Though Imran Khan may present a positive picture by taking the initiative to restart dialogue with India, the reality is reflected through actions, not words. Even in his last major rally before election day, Imran Khan accused former Prime Minister Nawaz Sharif of “protecting India’s interests” by building closer ties with the country.

Another important factor that will shape India’s response to rebuilding relations with Pakistan is the China-Pakistan Economic Corridor (CPEC), which is slated to pass through Pakistan-administered Kashmir. Although China considers India a natural partner in the Belt and Road Initiative (BRI), India has not responded positively to the initiative. The fundamental truth remains that India will not support any infrastructure or connectivity project which, rather than building bridges of trust, furthers distrust, with strategic implications on the peace and security for India and the region. Moreover, the benefits to Pakistan from CPEC are not preordained. In fact, many assessments and analyses, even from within Pakistan, have raised concerns over the implications of CPEC for Pakistan’s interests. Is CPEC, with its uncertain outcomes, a strong enough national requirement on which Islamabad cannot compromise or make concessions, for the sake of better India-Pakistan ties? India is also concerned with the strategic imperatives of the Sino-Pakistan nexus, of which CPEC is being seen as a natural component. Should Islamabad take steps to assuage India’s concerns, and if it does, would that amount to a significant confidence-building measure from Imran Khan?

Perhaps the breakdown of proposed peace talks between India and Pakistan depends on the leverage that the Pakistan Army has had in the past 71 years in influencing the state of relations with India. Statements in favor of India-Pakistan relations may keep emerging, but the role played by the army in putting Khan on this pedestal must not be swept under the rug. A balancing game will have to be played by not only Imran Khan, but also the other powers in Pakistan, about whether they want to dialogue with India or not. In these circumstances and with historical hindsight, there can be no assurances of trusting the mere words of a leader, until actions take place which has heretofore undermined efforts to stabilize this dyadic relationship.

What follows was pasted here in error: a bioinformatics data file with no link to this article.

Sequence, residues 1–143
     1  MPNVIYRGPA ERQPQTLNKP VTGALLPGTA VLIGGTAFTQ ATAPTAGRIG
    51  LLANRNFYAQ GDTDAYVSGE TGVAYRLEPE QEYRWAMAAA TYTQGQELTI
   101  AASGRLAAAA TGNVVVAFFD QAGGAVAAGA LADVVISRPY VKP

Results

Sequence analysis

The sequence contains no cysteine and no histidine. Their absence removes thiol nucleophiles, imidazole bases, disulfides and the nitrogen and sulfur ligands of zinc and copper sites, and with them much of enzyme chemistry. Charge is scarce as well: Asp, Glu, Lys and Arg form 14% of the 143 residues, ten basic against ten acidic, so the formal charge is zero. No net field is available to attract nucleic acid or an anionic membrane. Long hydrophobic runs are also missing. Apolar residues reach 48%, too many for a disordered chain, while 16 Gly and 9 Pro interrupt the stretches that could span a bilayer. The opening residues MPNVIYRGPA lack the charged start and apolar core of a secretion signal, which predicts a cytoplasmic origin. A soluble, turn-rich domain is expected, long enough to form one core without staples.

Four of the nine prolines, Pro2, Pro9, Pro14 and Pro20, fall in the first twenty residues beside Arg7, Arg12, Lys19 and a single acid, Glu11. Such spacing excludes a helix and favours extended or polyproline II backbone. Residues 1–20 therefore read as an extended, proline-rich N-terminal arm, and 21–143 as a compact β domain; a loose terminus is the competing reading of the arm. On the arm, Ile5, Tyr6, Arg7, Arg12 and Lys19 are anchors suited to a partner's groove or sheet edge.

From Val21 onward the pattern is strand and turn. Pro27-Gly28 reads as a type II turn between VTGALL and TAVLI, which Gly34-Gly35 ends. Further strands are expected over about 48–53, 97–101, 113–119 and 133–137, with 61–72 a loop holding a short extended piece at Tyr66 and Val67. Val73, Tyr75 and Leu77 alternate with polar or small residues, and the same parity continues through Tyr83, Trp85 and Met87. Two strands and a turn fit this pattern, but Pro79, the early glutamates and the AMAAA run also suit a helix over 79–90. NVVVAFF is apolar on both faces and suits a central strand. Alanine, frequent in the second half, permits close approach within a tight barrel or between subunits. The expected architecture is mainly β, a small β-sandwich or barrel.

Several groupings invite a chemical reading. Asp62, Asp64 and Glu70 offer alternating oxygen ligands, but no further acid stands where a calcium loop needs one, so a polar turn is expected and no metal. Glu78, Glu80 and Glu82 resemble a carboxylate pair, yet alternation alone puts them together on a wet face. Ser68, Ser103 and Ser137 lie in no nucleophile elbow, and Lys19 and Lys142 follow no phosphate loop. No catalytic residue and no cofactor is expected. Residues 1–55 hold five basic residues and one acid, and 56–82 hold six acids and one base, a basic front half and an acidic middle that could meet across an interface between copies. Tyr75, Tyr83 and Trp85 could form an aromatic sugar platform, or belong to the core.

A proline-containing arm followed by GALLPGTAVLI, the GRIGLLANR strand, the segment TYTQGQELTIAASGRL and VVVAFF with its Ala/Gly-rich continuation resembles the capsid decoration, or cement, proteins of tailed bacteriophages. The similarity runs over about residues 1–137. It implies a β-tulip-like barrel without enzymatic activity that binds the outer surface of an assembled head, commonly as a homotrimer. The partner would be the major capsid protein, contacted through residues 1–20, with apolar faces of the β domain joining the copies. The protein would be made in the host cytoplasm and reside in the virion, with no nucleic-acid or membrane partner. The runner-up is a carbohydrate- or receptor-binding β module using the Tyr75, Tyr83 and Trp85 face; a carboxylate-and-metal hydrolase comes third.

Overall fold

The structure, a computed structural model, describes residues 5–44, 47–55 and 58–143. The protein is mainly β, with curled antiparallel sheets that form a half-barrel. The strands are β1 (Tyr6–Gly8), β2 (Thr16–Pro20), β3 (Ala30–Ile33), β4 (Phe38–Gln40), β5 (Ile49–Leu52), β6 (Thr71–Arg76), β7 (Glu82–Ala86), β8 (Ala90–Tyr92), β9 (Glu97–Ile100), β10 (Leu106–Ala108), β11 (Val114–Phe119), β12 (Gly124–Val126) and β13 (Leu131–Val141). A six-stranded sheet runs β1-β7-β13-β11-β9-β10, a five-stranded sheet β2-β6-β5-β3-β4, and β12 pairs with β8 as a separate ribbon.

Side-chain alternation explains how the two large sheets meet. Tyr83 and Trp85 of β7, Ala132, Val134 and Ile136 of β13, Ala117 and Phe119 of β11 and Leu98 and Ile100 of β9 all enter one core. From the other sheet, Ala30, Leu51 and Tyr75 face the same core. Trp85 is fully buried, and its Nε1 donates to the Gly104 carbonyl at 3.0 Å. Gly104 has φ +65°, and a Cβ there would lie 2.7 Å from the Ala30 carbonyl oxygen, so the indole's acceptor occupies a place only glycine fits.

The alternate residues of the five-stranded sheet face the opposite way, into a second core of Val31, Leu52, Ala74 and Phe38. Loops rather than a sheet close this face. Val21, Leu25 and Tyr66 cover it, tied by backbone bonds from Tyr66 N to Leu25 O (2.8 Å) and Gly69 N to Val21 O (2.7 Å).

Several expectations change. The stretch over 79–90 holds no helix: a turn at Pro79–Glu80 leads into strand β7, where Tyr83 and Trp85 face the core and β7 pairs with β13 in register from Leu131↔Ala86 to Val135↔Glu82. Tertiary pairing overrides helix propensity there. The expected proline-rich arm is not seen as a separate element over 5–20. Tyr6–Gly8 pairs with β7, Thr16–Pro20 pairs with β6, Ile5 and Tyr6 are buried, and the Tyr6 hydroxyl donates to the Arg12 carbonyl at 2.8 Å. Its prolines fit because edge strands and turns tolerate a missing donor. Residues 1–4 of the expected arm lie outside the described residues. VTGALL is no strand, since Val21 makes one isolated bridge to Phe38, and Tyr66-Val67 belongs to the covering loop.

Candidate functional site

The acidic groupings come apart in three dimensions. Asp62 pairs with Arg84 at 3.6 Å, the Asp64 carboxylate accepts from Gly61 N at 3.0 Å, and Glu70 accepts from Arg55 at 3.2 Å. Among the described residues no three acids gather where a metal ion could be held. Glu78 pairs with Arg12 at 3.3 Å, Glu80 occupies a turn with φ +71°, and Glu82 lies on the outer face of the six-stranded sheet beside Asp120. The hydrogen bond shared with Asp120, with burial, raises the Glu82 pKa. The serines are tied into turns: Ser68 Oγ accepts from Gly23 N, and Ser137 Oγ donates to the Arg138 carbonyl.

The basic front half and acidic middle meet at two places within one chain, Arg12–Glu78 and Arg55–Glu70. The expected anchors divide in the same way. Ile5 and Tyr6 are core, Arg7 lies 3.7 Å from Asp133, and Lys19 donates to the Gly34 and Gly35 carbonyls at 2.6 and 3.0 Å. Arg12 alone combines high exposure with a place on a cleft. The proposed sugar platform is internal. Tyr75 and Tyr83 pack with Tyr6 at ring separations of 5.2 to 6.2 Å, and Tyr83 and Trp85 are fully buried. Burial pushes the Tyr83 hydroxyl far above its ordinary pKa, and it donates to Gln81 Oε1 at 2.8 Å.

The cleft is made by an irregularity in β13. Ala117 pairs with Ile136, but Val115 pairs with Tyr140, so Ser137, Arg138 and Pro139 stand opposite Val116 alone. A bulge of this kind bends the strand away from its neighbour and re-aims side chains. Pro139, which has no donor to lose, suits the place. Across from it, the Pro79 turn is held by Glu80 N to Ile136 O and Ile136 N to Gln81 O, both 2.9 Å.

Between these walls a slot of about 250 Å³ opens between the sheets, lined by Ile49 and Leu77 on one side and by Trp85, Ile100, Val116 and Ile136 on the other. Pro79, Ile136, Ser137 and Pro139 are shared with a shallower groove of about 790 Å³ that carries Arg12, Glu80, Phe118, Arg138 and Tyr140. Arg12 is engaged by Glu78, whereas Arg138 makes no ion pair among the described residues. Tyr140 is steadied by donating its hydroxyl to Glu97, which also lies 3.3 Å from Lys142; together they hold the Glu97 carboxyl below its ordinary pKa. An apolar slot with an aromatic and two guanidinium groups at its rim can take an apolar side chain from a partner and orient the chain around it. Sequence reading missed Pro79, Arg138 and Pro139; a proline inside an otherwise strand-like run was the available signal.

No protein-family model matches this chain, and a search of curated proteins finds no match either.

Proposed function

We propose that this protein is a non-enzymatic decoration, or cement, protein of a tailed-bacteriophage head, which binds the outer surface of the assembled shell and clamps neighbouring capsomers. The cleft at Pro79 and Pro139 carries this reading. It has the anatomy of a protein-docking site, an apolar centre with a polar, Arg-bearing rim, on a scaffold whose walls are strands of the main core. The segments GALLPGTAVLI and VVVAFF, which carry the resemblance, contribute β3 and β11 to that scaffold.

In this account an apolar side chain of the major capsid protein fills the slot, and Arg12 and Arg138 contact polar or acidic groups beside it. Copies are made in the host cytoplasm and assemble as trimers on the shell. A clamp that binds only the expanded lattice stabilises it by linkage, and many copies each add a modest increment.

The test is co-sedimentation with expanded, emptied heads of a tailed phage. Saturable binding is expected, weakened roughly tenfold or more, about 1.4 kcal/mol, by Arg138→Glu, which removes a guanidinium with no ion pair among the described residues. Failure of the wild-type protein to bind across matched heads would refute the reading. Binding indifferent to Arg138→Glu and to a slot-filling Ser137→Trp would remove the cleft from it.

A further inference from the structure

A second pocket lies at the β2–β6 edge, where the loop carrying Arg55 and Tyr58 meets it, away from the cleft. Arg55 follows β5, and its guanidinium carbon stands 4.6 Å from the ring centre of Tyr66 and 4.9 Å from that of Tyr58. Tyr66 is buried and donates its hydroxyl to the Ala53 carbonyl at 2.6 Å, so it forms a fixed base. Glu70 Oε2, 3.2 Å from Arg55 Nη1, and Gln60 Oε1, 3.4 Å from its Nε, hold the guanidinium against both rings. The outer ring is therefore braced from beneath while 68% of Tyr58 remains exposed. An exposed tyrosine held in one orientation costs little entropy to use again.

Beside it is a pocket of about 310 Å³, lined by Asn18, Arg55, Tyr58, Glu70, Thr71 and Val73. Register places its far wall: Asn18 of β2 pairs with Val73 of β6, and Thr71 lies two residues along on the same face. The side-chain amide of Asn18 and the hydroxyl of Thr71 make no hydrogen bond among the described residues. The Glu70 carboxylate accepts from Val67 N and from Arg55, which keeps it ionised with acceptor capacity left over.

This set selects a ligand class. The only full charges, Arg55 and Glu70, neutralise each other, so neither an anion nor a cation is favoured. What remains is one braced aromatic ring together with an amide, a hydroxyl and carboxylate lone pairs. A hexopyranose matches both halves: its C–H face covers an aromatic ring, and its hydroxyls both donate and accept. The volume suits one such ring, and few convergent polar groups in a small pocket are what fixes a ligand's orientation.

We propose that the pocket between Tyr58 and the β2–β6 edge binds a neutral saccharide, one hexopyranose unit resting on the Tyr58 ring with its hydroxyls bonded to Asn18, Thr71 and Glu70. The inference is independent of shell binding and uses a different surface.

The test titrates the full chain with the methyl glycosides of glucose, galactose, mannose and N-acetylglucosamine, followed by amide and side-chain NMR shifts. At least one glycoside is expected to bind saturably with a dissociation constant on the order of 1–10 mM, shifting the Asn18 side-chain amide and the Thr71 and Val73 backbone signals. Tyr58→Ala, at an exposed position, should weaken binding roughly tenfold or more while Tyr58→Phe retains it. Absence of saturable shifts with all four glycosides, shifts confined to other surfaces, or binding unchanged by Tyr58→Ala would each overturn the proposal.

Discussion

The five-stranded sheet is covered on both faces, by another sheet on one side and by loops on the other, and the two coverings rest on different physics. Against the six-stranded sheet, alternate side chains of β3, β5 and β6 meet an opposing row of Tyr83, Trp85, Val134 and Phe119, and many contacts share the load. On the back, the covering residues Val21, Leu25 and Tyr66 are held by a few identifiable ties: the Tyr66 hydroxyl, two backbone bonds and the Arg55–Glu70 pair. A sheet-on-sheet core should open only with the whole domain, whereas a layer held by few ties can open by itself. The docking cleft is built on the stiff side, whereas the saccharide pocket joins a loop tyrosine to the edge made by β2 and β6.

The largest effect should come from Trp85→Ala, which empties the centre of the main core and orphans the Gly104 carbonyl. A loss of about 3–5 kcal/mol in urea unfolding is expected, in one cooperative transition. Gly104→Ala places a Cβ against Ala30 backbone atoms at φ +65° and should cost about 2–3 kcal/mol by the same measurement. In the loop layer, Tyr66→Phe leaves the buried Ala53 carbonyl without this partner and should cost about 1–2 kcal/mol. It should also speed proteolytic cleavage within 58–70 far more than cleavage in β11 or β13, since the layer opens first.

About the Author:

Radhey Tambi (ORCID: 0000-0001-8189-5181) is a research scholar in the Department of Geopolitics and International Relations, at Manipal Academy of Higher Education (MAHE) in Manipal, India. Her area of interest is U.S. foreign policy, including U.S. interests in the Indo-Pacific region and South Asia, and India’s foreign policy orientation.

Cite this Article:

Tambi, R., "The Road to Peace Passes Through Rawalpindi", IndraStra Global Vol. 04, Issue No:10 (2018) 0008, | ISSN 2381-3652

Tambi, R., "The Road to Peace Passes Through Rawalpindi", IndraStra Global Vol. 04, Issue No:10 (2018) 0008, | ISSN 2381-3652

DISCLAIMER: The views expressed in this insight piece are those of the author and do not necessarily reflect the official policy or position of the IndraStra Global.